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Am J Med Sci. 2014 Feb;347(2):101-5. doi: 10.1097/MAJ.0b013e31827bef91.

Helicobacter pylori seropositivity in patients with hyperemesis gravidarum.

Author information

1
Departments of Obstetrics and Gynecology (MMS, HOK, AHE), and Community Medicine (MMS, HOK, AHE), Faculty of Medicine, Cairo University, Cairo, Egypt.

Abstract

BACKGROUND:

Nausea and vomiting during pregnancy are the most common conditions affecting pregnancy, occurring in about 80% of all pregnancies and always disappearing on the 16th to 18th weeks of gestation. This may be mild and it does not affect the general condition of the patient (the condition is called emesis gravidarum), or it may be severe enough to affect the patient physically and psychologically, causing intractable vomiting, electrolyte imbalance, weight loss >5%, impairment of liver and kidney functions and dehydration. Helicobacter pylori is one of the most common bacterium affecting humans. It is a gram-negative helix-shaped microaerophilic bacterium transmitted by the oro-oral or feco-oral route. It is more prevalent in developing countries and affects young children. Acute infection manifests as acute gastritis and stomach pain, whereas chronic infection causes chronic gastritis and peptic ulcer, 2% of which may develop into stomach cancer. The authors tried to investigate the association between H pylori infection and hyperemesis gravidarum.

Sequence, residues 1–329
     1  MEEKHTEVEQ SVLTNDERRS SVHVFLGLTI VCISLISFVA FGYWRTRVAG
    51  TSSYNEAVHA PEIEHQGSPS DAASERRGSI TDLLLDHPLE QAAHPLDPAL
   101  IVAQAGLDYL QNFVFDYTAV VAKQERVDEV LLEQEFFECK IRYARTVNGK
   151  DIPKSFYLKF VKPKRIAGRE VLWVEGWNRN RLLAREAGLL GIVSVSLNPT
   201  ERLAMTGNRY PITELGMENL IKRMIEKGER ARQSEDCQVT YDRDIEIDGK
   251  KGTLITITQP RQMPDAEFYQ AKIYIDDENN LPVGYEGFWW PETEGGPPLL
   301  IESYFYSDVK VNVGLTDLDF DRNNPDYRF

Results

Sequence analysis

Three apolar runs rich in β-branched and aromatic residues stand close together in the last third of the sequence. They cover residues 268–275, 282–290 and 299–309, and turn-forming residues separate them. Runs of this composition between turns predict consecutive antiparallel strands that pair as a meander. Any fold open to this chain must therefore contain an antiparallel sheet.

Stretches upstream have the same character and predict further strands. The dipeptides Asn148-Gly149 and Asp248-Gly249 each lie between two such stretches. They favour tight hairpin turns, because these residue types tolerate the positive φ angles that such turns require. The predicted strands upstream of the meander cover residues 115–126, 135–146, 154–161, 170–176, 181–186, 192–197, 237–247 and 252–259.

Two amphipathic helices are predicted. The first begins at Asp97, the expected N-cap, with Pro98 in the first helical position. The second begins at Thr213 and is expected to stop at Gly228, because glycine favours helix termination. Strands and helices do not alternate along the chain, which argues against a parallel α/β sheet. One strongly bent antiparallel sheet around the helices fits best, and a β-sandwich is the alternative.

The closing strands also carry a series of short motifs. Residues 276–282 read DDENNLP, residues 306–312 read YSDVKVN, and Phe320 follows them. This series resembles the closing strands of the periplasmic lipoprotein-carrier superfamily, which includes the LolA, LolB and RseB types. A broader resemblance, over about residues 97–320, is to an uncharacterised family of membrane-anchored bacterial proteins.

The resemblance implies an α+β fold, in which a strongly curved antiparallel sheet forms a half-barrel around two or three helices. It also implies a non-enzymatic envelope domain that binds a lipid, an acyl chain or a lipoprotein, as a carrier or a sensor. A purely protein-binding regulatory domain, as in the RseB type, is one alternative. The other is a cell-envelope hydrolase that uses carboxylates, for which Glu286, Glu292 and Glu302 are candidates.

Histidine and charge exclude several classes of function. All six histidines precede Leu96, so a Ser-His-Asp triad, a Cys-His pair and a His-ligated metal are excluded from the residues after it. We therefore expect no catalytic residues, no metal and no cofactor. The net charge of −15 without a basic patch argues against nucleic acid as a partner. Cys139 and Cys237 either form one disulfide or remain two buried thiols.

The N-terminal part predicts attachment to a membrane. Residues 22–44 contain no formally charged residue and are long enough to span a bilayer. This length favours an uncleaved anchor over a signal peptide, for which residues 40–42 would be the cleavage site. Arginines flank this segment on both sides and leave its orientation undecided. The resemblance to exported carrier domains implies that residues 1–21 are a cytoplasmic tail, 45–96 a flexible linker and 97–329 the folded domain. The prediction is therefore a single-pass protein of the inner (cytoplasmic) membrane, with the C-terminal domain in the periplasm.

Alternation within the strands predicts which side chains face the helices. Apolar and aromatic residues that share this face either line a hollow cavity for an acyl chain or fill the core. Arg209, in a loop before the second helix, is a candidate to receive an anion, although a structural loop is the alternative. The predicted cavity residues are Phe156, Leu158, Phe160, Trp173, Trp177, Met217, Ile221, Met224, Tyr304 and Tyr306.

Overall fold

METHODS:

Fifty patients with hyperemesis gravidarum and 50 patients with normal pregnancy were included in the study. H pylori infection was determined using a 1-step H pylori test device (serum/plasma), which is a qualitative membrane-based immunoassay.

RESULTS:

Regarding maternal age, gestational age and socioeconomic status, there is no statistical difference between both groups. There is a marked statistical difference between both groups in terms of Helicobacter pylori seropositivity and frequency of vomiting.

CONCLUSIONS:

There is a powerful correlation between H pylori and hyperemesis gravidarum.

PMID:
23459164
DOI:
10.1097/MAJ.0b013e31827bef91
[Indexed for MEDLINE]

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